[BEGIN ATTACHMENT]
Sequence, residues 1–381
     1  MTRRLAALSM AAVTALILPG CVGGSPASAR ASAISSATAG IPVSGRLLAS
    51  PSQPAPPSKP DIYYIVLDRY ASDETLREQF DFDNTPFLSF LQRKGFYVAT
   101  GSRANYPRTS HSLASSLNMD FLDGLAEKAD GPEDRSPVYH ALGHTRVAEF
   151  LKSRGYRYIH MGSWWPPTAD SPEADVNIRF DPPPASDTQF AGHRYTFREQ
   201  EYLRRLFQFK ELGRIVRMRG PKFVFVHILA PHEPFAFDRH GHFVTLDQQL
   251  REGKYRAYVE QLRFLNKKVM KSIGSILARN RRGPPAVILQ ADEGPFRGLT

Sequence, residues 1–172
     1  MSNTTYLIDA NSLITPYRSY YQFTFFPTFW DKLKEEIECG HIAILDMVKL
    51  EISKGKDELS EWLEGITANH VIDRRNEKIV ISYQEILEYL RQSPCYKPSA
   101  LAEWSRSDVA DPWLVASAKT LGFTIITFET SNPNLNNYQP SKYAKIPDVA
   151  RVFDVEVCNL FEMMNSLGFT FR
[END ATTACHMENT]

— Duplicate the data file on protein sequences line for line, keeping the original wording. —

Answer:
Sequence, residues 1–381
     1  MTRRLAALSM AAVTALILPG CVGGSPASAR ASAISSATAG IPVSGRLLAS
    51  PSQPAPPSKP DIYYIVLDRY ASDETLREQF DFDNTPFLSF LQRKGFYVAT
   101  GSRANYPRTS HSLASSLNMD FLDGLAEKAD GPEDRSPVYH ALGHTRVAEF
   151  LKSRGYRYIH MGSWWPPTAD SPEADVNIRF DPPPASDTQF AGHRYTFREQ
   201  EYLRRLFQFK ELGRIVRMRG PKFVFVHILA PHEPFAFDRH GHFVTLDQQL
   251  REGKYRAYVE QLRFLNKKVM KSIGSILARN RRGPPAVILQ ADEGPFRGLT

Sequence, residues 1–172
     1  MSNTTYLIDA NSLITPYRSY YQFTFFPTFW DKLKEEIECG HIAILDMVKL
    51  EISKGKDELS EWLEGITANH VIDRRNEKIV ISYQEILEYL RQSPCYKPSA
   101  LAEWSRSDVA DPWLVASAKT LGFTIITFET SNPNLNNYQP SKYAKIPDVA
   151  RVFDVEVCNL FEMMNSLGFT FR